Last updated on November 2nd, 2020 at 06:52 pm
Travertine tiles are desirable due to their trademark imperfections and dignified natural stone appearance. There are four classifications of travertine tiles in total. Of the four, two of them are most commonly used for residential flooring. They are: honed and tumbled travertine.
What is the difference between Honed and Tumbled Travertine?
The difference between honed and tumbled travertine is in the texture of their surfaces. Honed travertine has a softer appearance and a lightly polished surface whereas tumbled travertine has a more rustic appearance due to its unfilled holes and unpolished surface.
What is Honed Travertine?
Honed travertine is the class of travertine most commonly used inside homes. The pock marks and holes in honed travertine tiles are filled in with an epoxy grout or resin and then the entire surface is smoothed out, or honed as its name implies.
This leaves behind a tile with a polished but generally flat finished appearance. Its edges are also typically squared which provides a more uniform shape.
What is Tumbled Travertine?
Tumbled travertine tiles go through a tumbling process that results in a rougher more rustic look than what you see with honed travertine. The tumbling process involves placing similarly sized and cut stones into a barrel that is then filled with water and abrasive grit or pebbles and sometimes even acid.
Travertine is vulnerable to acids because of its calcium carbonate make up. The filled barrel is then tumbled and the friction created softens the edges of the stones and creates a worn look. The tumbling process can take three to five weeks.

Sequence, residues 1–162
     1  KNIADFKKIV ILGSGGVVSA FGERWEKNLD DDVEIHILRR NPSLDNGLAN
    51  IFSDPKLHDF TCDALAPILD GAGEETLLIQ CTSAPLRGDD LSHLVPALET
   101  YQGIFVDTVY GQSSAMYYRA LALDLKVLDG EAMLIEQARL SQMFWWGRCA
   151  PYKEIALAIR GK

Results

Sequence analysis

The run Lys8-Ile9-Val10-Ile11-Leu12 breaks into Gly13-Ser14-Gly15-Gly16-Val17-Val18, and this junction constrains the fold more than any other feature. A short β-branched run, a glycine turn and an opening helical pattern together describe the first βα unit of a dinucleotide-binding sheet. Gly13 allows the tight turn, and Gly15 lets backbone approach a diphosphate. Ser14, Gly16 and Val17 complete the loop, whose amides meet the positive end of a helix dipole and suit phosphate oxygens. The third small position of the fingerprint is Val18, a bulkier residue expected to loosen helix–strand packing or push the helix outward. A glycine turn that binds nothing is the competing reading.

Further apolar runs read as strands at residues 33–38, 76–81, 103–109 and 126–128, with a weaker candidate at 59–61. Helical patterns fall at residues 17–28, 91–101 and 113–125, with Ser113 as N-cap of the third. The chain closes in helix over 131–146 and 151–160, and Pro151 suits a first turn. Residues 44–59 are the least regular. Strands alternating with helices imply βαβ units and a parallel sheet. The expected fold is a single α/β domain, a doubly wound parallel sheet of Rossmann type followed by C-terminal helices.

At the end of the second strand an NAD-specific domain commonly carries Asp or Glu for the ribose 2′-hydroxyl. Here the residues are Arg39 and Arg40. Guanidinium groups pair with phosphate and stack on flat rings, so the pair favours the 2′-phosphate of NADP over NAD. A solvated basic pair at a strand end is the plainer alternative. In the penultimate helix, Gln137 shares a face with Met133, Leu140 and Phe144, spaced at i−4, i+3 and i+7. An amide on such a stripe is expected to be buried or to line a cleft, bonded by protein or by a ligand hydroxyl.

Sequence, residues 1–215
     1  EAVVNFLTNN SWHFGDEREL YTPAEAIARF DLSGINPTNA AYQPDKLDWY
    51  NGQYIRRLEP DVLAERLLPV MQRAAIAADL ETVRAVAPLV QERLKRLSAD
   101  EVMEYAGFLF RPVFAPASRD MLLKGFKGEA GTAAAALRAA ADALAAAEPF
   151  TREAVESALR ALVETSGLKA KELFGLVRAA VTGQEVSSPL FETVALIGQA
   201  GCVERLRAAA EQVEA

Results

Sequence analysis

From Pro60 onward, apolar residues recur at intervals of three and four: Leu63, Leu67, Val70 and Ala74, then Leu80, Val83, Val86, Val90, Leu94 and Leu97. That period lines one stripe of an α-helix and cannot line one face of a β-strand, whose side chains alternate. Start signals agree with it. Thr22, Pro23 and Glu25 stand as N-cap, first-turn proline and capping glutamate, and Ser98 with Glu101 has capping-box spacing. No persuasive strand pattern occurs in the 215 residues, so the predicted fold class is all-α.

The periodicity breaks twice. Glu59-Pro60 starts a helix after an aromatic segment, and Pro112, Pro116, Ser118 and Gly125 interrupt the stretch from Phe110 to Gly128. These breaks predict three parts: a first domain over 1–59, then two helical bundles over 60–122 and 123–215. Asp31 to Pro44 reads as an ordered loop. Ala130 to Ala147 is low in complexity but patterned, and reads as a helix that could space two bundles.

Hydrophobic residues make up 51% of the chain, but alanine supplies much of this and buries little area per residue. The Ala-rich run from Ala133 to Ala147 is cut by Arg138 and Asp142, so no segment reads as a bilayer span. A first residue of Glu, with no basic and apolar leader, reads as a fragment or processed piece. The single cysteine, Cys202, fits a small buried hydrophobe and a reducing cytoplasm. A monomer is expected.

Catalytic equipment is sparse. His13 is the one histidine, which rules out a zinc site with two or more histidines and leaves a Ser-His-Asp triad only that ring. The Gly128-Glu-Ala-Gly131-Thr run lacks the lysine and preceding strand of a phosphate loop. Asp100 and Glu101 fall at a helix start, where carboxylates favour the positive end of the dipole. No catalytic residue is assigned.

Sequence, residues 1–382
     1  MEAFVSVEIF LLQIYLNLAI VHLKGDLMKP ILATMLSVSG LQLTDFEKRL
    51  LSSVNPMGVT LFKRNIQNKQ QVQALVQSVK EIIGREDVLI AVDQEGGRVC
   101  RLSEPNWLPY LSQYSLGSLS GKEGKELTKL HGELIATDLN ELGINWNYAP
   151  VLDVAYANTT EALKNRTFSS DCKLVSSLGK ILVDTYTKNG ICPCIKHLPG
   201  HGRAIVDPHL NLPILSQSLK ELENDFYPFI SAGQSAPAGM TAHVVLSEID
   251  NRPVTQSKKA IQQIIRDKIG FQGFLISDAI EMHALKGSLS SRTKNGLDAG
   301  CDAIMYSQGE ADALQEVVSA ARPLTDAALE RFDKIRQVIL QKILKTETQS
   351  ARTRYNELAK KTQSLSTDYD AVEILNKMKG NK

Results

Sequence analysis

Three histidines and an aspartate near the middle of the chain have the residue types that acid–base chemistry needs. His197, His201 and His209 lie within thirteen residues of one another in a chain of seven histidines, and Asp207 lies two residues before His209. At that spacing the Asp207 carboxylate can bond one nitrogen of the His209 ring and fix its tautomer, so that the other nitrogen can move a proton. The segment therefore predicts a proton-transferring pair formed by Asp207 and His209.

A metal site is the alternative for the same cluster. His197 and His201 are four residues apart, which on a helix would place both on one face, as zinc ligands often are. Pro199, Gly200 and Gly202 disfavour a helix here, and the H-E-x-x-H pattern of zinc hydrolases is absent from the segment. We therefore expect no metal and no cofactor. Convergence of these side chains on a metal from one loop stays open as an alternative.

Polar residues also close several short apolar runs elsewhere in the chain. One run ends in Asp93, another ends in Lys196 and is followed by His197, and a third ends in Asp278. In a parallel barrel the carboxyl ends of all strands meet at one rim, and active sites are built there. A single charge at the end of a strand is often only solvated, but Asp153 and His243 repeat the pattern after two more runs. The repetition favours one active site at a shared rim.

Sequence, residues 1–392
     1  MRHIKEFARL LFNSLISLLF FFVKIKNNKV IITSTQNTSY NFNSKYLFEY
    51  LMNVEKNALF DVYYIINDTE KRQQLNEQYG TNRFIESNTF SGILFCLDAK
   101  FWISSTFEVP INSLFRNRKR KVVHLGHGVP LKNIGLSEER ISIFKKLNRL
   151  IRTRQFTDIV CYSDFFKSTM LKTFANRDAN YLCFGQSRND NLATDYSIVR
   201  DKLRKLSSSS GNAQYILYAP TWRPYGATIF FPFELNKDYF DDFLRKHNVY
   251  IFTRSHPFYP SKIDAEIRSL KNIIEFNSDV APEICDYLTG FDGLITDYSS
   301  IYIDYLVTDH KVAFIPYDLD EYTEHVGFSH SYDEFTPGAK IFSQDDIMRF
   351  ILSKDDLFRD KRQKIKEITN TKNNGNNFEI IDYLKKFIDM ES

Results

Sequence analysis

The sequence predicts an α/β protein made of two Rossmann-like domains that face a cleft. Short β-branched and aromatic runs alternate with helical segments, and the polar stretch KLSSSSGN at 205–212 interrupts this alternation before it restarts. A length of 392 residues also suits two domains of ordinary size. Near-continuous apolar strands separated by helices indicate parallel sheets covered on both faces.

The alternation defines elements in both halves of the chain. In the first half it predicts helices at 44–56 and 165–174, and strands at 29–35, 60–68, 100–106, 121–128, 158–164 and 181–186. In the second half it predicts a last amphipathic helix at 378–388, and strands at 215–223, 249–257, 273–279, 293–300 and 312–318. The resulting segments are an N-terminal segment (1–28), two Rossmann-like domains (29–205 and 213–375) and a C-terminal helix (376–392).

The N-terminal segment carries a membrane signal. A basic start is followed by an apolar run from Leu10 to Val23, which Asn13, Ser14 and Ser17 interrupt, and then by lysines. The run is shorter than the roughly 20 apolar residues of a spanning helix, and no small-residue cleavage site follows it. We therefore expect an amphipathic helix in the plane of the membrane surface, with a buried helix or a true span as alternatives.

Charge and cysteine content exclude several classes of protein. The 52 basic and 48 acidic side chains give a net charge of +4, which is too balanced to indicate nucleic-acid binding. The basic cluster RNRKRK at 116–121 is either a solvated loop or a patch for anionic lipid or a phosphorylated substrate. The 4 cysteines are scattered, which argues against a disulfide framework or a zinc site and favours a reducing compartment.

Are Honed and Thumbled Travertine Slippery?
Because honed travertine tiles have been smoothed and polished, they have less natural traction underfoot and can be slippery. Thumbled Travertine has slightly better traction because of its uneven surface.
Measurement standards to rate slippery
There are measurement standards used in the industry to rate how slippery a tile is. You may have already seen references to these measurements before and simply not been aware of their meaning.
The SCOF, which stands for static co-efficient of friction, was the only standard rating until 2014. The SCOF rating of a tile is determined by multiple factors including: surface condition, footwear, and force.
The higher the SCOF number, the more friction and the less slippery a tile is.
So, let’s give the SCOF number context by comparing the measurements between the four different classifications of travertine tiles available on today’s market.
- Polished Travertine – This classification is the most slippery and therefore has the lowest SCOF measurement of the four with a range of .40 to .50.
- Honed Travertine – Honed travertine comes in next on the list with an SCOF range between .40 to .60. Therefore, some honed travertine tiles are less slippery than their polished tile counterparts. As you see however, there is some overlap of the range between honed and polished. While the surface of honed travertine is generally a smooth matte finish, some honed tiles have been polished to a satiny sheen. The more polished honed travertine is, the lower the SCOF number.